Walk on the Grass
Take off your shoes and get the benefits of grounding!!! Walk on the grass or walk in the sand or in the sea. My Dad used to always talk about the benefits of paddling in the sea. He knew what he was talking about!
Dine al fresco
I love eating outdoors – whether it’s a BBQ with family and friends, sitting outside a café drinking a matcha latte, eating my lunch in the local park or on our patio or going on a picnic.
Check out outdoor events
Whether it’s a weekly farmers market, an outdoor concert or play, open air cinema or a festival – there are usually loads of outdoor events (many of which are free) happening. It’s good to take a break from the TV and computer screens!
Be a Tourist in Your Own City
Know of a park you’ve never been to, a beach you’ve never walked? Why not make a day trip to see what your city / area has to offer? Rent some bikes and go exploring neighbourhoods you might not know. You never know what you might discover!
Normally run inside on a treadmill or do a gym class? Why not try taking it outside? Find some good running/cycle trails or some outdoor boot camp classes to change things up. I’m keen to try some outdoor yoga this summer. I also want to make a habit of going on hikes at the weekend and may even try a game of tennis or two (always feel inspired after Wimbledon)! The gym is always there to go back to!
From planting a few flowers to growing a vegetable garden, gardening gets you outside and communing with nature. I’ve only a small patio but I love tending to my flower pots and organic leafy greens and herbs. Not only does it brighten up the place but seeing the garden grow and flower gives the added sense of accomplishment (yay! I didn’t kill them!). I can’t wait until I can serve up a salad fresh from my little patio garden.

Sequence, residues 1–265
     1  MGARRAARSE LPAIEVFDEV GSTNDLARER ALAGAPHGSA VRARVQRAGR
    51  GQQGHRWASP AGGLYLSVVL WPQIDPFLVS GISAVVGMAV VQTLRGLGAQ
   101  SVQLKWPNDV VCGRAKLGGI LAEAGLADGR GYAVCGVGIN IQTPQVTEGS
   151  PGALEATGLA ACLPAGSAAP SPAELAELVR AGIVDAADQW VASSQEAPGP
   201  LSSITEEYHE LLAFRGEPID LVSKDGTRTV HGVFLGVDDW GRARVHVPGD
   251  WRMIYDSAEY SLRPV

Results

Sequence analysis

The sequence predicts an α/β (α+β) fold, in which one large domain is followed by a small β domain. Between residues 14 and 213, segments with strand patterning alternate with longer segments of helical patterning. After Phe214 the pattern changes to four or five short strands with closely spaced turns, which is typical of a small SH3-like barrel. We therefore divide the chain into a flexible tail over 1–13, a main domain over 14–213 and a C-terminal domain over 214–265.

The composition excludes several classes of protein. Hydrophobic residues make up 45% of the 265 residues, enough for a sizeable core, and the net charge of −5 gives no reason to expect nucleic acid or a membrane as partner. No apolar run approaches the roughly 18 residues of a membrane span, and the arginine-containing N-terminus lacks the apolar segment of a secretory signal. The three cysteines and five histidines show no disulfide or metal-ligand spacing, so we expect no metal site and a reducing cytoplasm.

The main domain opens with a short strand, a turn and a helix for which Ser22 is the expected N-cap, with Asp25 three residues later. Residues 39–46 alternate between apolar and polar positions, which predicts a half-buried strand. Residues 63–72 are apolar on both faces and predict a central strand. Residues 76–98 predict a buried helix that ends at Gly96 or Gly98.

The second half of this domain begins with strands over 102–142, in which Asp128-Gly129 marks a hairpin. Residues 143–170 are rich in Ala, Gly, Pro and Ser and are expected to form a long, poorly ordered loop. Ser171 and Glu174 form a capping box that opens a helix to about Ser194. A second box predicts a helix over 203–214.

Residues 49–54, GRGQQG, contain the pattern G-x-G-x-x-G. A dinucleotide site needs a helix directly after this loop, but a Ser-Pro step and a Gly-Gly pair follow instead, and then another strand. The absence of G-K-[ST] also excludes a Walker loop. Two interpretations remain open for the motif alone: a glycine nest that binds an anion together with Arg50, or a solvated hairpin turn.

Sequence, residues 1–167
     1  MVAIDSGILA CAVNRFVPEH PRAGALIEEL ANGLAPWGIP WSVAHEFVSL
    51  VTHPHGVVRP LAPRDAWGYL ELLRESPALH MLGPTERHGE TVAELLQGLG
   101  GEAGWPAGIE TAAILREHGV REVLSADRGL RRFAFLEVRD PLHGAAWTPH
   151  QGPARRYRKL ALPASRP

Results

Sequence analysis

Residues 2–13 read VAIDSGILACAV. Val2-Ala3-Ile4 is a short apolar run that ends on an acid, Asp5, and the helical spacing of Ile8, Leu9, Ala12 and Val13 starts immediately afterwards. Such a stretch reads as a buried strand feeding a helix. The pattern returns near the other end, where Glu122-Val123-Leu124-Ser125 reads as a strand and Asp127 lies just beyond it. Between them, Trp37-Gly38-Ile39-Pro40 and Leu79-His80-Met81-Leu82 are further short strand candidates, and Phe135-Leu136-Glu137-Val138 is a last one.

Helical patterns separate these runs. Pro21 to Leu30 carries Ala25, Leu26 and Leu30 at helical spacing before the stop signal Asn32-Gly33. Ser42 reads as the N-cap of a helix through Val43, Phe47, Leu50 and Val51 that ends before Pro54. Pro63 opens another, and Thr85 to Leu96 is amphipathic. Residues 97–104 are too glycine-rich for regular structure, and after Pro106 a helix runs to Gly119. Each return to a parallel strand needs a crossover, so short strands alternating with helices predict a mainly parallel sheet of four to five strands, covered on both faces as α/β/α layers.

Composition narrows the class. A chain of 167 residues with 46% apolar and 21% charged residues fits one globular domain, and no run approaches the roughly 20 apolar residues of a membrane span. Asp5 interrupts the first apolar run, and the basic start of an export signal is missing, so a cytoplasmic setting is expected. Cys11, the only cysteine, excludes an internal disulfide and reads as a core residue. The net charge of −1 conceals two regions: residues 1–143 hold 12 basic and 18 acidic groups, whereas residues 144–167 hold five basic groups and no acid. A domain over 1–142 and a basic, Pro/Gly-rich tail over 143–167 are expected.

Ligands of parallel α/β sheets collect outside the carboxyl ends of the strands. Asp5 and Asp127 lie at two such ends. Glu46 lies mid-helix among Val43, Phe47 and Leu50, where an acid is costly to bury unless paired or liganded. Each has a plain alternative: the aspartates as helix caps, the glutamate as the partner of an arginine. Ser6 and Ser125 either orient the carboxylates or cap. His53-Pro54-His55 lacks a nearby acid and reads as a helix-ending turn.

Just sit and chill
We’re always so on-the-go. Sometimes we just need to sit outside quietly and appreciate the natural beauty around us away from emails, phones and social media. Better yet if we engage all our senses so we are in the present moment. Notice the sounds, the breeze or heat of the sun on your face, the feel of the grass or the sand …. you get the idea!!
What’s your favourite way to spend time outside? Do you notice the benefits? I’d love to hear some other suggestions to get me outside more!
As someone who suffered from gut pain for the best part of 20 years, I’d like to think I can relate to those suffering with IBS. The scope of how it affects people is wide ranging – for some it’s a mild inconvenience but for others it can be debilitating and extremely stressful. For me I experienced the full spectrum with some days better than others.
According to Irish Health IBS (irritable bowel syndrome) is a common functional gastrointestinal disorder that affects as many as one in five of our population here in Ireland. It seems more women tend to suffer from IBS and it’s usually worse for people in their 20’s and 30’s.
And while it may be common, it certainly shouldn’t be deemed normal!
What are the characteristics of IBS?